Traditional decentralized cryptocurrencies must wait for certain period of time for enough blocks to pass to ensure that a transaction is both irreversible and not an attempt to double-spend money which has already been spent elsewhere. This process is time-consuming, and may take anywhere from 15 minutes to one hour for the widely accepted number of six blocks to accumulate. Other cryptocurrencies achieve faster transaction confirmation time by centralizing authority on the network to various degrees.
Absolute suffers from neither of these limitations thanks to its second-layer network of masternodes. Masternodes regularly form voting quorums to check whether or not a submitted transaction is valid. If it is valid, the masternodes “lock” the inputs for the transaction and broadcast this information to the network, effectively promising that the transaction will be included in subsequently mined blocks and not allowing any other spending of these inputs during the confirmation time period.
InstantSend technology will allow for cryptocurrencies such as Absolute to compete with nearly instantaneous transaction systems such as credit cards for point-of-sale situations while not relying on a centralized authority. Widespread vendor acceptance of Absolute and InstantSend could revolutionize cryptocurrency by shortening the delay in confirmation of transactions from as long as an hour (with Bitcoin) to as little as a few seconds.
You can view a practical guide to use InstantSend here. InstantSend was introduced in a whitepaper called Transaction Locking and Masternode Consensus: A Mechanism for Mitigating Double Spending Attacks, and further improved through the introduction of LLMQ-based InstantSend in Absolute 0.14.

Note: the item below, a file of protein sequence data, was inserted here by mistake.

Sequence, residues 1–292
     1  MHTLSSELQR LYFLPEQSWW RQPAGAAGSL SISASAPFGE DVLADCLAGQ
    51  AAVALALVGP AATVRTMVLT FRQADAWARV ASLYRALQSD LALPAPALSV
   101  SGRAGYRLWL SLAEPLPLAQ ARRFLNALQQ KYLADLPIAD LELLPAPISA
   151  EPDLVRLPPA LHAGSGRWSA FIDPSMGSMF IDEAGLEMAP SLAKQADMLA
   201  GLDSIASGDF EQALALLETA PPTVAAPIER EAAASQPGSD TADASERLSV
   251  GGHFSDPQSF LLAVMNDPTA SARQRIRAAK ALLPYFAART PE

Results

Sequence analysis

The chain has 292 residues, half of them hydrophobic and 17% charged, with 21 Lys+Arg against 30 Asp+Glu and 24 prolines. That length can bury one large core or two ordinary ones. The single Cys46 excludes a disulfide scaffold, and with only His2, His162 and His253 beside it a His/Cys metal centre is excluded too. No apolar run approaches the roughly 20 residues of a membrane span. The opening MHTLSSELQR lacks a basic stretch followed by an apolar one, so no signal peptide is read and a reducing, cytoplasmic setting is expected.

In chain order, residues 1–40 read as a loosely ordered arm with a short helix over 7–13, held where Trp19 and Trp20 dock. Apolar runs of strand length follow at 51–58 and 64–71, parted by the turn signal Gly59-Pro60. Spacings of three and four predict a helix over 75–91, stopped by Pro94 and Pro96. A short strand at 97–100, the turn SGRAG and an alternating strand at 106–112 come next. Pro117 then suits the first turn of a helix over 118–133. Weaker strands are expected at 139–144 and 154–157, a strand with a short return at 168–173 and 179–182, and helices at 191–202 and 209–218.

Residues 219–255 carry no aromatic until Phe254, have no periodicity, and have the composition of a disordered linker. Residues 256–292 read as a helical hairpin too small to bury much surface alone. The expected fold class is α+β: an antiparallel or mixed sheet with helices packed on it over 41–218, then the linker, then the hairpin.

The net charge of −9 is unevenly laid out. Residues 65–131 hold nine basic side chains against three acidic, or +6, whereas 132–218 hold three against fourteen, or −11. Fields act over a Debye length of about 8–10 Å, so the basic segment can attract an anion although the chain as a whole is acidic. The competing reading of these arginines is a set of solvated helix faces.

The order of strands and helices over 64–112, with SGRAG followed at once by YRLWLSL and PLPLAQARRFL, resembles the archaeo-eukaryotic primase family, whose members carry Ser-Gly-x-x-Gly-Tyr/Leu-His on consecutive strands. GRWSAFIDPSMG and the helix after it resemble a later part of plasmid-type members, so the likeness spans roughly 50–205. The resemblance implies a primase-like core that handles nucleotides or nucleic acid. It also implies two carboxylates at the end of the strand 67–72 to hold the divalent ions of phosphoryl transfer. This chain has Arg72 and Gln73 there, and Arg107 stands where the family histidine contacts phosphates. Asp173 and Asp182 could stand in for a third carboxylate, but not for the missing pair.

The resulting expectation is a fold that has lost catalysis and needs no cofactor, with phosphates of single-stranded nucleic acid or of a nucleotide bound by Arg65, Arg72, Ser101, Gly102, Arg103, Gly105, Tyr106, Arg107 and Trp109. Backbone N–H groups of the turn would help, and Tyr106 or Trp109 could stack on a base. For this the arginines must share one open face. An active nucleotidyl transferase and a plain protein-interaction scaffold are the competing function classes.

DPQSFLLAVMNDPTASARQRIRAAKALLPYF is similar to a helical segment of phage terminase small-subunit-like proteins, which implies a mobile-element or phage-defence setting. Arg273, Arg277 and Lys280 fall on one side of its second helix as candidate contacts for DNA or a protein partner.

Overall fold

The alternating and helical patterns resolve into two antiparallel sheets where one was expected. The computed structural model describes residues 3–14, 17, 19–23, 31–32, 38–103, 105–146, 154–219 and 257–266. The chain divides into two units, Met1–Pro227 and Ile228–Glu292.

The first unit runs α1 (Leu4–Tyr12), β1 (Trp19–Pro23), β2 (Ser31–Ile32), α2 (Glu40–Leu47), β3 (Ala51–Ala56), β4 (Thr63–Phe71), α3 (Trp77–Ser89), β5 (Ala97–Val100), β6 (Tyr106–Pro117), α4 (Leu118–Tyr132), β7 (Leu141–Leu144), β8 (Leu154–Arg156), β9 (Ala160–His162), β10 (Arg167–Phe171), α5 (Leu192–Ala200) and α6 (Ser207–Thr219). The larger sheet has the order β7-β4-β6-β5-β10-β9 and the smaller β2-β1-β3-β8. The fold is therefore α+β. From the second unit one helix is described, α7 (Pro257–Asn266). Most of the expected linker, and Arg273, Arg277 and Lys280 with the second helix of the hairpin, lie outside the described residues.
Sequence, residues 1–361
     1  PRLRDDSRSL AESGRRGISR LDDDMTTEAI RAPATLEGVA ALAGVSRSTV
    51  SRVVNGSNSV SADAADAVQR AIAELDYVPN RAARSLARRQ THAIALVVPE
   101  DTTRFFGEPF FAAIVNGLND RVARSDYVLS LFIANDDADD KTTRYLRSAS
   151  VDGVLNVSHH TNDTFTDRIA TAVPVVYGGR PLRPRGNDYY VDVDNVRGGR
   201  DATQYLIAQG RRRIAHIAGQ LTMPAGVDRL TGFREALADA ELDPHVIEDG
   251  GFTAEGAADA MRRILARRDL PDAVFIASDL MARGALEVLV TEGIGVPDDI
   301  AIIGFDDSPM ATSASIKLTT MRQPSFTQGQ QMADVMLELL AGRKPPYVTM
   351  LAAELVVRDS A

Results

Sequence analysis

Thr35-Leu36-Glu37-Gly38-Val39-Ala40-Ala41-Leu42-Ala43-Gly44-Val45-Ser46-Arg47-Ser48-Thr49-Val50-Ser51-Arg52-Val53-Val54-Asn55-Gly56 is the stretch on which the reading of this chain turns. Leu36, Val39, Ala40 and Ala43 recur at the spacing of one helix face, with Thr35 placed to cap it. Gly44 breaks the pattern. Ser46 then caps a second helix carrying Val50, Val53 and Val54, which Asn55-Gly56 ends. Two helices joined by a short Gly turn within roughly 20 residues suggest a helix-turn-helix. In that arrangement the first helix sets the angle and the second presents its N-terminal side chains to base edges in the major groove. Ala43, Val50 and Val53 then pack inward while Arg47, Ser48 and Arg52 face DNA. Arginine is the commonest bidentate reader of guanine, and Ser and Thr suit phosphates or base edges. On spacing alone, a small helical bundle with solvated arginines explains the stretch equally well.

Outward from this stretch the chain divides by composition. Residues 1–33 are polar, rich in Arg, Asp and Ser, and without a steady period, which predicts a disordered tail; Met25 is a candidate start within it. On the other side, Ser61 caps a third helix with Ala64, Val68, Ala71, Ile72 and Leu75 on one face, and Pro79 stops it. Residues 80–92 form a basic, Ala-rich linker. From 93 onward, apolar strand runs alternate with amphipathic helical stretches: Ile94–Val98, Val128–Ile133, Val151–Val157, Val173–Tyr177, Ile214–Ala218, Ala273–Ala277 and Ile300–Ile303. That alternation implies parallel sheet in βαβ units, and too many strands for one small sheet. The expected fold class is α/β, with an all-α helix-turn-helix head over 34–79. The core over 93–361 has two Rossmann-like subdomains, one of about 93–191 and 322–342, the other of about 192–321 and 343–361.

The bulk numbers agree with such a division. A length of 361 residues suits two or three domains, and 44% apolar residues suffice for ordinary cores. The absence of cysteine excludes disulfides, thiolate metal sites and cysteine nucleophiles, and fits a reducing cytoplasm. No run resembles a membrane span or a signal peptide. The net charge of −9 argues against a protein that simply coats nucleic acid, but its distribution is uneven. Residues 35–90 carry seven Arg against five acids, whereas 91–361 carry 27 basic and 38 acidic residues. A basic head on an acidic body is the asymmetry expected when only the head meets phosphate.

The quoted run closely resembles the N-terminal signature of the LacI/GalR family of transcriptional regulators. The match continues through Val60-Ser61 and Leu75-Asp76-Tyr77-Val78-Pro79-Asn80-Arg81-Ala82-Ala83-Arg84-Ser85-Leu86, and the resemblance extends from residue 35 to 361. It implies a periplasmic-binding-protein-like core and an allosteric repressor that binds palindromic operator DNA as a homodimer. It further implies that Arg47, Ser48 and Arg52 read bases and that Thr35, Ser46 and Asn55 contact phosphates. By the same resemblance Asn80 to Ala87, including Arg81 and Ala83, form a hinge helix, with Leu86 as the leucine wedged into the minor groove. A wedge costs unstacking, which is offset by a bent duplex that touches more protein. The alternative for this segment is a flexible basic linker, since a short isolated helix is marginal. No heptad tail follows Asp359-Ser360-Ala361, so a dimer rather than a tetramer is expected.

How Absolute ‘InstantSend’ Protects Merchants from Double Spends, Absolute Detailed by Amanda B. Johnson, 16 September 2016
ChainLocks are a feature provided by the Absolute Network which provides certainty when accepting payments. This technology, particularly when used in parallel with InstantSend, creates an environment in which payments can be accepted immediately and without the risk of “Blockchain Reorganization Events”.
The risk of blockchain reorganization is typically addressed by requiring multiple “confirmations” before a transaction can be safely accepted as payment. This type of indirect security is effective, but at a cost of time and user experience. ChainLocks are a solution for this problem.
ChainLocks Process Overview #
Every twelve hours a new “LLMQ” (Long-Living Masternode Quorum) is formed using a “DKG” (Distributed Key Generation) process. All members of this Quorum are responsible for observing, and subsequently affirming, newly mined blocks: